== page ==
Doctor quits Brigham to speak for pay
Partners has strict rules on drug-firm honoraria
Boston physician Lawrence M. DuBuske was given a choice: Either stop moonlighting as a paid speaker for pharmaceutical companies or quit his job at a top Harvard teaching hospital.
To the surprise of some, DuBuske, an allergy and asthma specialist and a Harvard Medical School instructor, will resign from Brigham and Women’s Hospital at the end of the month, the hospital said.
DuBuske is no ordinary speaker. Out of thousands of US doctors hired by drug-maker
DuBuske seems to be everywhere, with recent speaking stops spread from Boston to Buenos Aires, Poland, and Russia. Six other pharmaceutical companies also use him as a speaker, and he is a consultant for a half-dozen drug makers, according to information he disclosed while teaching continuing medical education courses. The disclosures did not mention how much he was paid for this work.
But DuBuske’s extensive speaking for drug companies is now in direct violation of a strict new conflict-of-interest policy for the Partners HealthCare hospital network, which includes the Brigham. So he is leaving after more than two decades at the hospital. As a result, Harvard will also terminate his appointment.
’’There are physicians earning so much money [from drug makers] that they would give up their jobs,’’ said Dr. Steven Nissen, head of cardiovascular medicine at the Cleveland Clinic Foundation. “It’s a shocking story. Normally you’d give up the [pharmaceutical company] honoraria.’’
DuBuske did not return phone calls from the Globe. But his situation shows both the significant amounts of money doctors can make moonlighting for pharmaceutical companies and the potential impact of the growing restrictions on industry ties at teaching hospitals.
Christopher Clark, director of Partners’ Office for Interactions with Industry, said that since the policy banning doctors from participating in speakers’ bureaus went into effect on Jan. 1, one other doctor, from McLean Hospital, has resigned at least partly because of the rules. Partners declined to identify that doctor.
DuBuske is employed part time by the Brigham, seeing patients between a half-day and two days per week.
“He made a decision between terminating the relationship with Glaxo and terminating his relationship with the Brigham, to do the latter,’’ Clark said.
In addition to seeing patients at the Brigham, DuBuske, 55, runs a Gardner-based nonprofit organization called the Immunology Research Institute of New England, which sponsors education programs for doctors in Eastern Europe, according to its website.
He speaks Russian, has published dozens of articles, and in 2004 won the Distinguished Fellow Award of the American College of Allergy, Asthma and Immunology, according to his and the Brigham’s websites.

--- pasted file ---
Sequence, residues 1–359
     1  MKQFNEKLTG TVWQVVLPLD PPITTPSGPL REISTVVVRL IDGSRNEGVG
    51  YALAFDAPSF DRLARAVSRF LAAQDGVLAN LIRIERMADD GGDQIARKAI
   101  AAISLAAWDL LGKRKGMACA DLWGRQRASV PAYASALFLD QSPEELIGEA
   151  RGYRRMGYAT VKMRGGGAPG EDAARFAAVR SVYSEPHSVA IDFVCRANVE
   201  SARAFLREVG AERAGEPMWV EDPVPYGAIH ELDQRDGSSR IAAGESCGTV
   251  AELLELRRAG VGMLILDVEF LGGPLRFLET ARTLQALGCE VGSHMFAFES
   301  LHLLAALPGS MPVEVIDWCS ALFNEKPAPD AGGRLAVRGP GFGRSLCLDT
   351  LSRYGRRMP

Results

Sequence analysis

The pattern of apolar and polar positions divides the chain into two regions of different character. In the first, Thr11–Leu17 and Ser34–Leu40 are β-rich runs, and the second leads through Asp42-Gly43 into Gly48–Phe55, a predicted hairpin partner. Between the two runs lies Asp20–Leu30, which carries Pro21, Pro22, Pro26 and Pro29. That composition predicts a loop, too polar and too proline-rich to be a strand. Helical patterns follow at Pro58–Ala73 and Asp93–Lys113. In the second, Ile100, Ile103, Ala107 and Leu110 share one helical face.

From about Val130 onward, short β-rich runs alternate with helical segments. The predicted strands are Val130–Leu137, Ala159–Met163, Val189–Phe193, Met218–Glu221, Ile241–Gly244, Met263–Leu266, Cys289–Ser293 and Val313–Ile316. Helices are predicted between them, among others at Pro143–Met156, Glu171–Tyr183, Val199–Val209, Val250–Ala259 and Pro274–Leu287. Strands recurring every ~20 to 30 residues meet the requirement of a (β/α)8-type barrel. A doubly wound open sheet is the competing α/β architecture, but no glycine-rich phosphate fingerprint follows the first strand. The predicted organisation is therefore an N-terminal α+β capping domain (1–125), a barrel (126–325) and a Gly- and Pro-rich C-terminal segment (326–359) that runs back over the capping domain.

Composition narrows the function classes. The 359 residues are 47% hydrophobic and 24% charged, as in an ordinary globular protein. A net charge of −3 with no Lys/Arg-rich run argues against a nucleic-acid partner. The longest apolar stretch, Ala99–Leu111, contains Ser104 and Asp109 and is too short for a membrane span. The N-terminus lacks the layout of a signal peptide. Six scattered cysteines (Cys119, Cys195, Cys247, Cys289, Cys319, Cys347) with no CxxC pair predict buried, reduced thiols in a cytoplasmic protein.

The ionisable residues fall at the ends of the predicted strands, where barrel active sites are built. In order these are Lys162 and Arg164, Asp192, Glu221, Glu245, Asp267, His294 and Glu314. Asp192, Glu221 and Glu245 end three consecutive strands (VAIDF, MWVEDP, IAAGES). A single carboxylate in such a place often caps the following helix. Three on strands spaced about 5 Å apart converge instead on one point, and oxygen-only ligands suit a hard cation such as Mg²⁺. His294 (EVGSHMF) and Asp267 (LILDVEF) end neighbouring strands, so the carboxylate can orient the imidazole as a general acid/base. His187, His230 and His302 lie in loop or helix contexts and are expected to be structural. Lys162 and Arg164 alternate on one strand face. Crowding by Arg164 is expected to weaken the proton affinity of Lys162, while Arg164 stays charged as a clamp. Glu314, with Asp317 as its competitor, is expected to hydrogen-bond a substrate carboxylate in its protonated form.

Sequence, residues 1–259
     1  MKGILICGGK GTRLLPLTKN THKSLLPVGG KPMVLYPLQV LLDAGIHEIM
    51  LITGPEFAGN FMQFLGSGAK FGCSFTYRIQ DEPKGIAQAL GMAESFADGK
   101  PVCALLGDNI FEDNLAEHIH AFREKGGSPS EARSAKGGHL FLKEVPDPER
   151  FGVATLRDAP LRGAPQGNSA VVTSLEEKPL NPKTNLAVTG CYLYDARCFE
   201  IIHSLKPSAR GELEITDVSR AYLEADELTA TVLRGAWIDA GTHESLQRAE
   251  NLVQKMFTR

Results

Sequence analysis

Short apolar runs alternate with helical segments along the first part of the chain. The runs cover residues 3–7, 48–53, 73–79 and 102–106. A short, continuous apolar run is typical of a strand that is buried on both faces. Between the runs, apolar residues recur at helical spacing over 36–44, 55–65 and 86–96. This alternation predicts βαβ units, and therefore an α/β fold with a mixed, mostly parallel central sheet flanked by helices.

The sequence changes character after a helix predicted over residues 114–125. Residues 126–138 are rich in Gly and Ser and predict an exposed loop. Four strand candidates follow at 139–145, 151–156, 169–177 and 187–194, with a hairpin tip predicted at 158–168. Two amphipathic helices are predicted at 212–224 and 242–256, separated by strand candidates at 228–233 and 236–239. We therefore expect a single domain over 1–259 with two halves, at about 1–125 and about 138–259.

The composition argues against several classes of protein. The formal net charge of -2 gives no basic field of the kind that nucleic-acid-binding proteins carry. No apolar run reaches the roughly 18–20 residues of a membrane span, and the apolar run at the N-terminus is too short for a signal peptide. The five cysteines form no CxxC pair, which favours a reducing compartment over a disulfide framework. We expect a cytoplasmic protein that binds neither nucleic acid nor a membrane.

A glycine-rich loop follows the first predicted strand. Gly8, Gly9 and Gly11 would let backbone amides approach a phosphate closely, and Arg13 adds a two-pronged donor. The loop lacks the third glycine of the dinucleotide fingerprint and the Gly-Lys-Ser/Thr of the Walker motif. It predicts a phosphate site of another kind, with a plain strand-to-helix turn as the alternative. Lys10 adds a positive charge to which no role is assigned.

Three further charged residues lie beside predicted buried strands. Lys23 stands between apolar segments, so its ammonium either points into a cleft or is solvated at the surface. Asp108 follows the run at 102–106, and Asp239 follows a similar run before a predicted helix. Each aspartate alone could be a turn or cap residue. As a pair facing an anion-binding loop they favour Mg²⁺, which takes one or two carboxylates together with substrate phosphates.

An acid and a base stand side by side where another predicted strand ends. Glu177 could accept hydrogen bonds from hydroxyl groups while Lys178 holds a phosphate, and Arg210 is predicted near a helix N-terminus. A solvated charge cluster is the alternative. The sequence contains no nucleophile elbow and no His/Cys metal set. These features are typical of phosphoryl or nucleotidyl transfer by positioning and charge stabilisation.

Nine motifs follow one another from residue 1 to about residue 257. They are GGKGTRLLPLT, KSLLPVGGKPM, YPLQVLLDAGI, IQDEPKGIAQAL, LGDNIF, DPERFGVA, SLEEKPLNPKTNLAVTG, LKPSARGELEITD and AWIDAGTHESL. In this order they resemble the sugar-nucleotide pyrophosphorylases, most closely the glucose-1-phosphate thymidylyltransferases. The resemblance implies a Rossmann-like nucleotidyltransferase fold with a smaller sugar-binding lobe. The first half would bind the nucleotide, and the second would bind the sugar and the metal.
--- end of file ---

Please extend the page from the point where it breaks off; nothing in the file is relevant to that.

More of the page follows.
His work for Glaxo came to light last month, when the company posted on its website a list of physicians it paid for consulting and speaking during the second quarter of 2009.
Mary Anne Rhyne, US director of media relations for Glaxo, said DuBuske is a national speaker for the company, earning about $2,500 per talk. The company picks the topic and content of the talks in the speakers bureau program, she said.
Rhyne said she is not sure whether DuBuske will be as much in demand as a speaker without the prestigious Brigham and Harvard titles.
“A lot of things would go into a decision about that,’’ she said. “Most of all, we’re looking for people who are well respected.’’
As more teaching hospitals restrict or ban participation in speakers’ bureaus, physicians said, it is unclear whether drug companies will cancel talks or turn to doctors without academic appointments, who are outside the rules but may not draw as big an audience of fellow physicians.
“Why is it a physician can command that kind of money from a pharmaceutical company?’’ Nissen said. “It’s often because they hold a prestigious title. Harvard and the Brigham, those are tangible assets that are worth a lot.’’
Several other hospitals and medical schools - including Stanford, considered to have some of the toughest conflict-of-interest rules in the country - said they have not yet seen doctors resign over their policies.
These policies, which usually also prohibit doctors from accepting gifts from drug companies, aim to counter the industry’s influence over the drugs and treatments physicians prescribe. Politicians, regulators, and some physicians are concerned that doctors who give company-sponsored talks may present biased information that could underplay harmful side effects or may encourage use of expensive brand-name medications instead of less costly alternatives.
But physicians who participate in speakers’ bureaus say they carefully screen the information for accuracy, and some doctors argue that working for numerous companies, as DuBuske does, cancels out bias in favor of any one drugmaker.
But Dr. Paul Appelbaum, director of psychiatry, law, and ethics at Columbia University College of Physicians and Surgeons, said he worries that “someone who takes money from all companies is not in a position to say anything critical about any of their products.’’
It is possible to take money from a pharmaceutical company and deliver an unbiased talk, he said, but it is risky because bias can be so subtle. The speaker could define a condition requiring medication more broadly than is appropriate or encourage treatment sooner rather than later.
“This may or may not be good for the patient,’’ he said. “It’s difficult for the audience to ascertain if there’s bias, because they’re not the experts. They’re coming to hear someone who knows more than they do.’’
Liz Kowalczyk can be reached at email@example.com.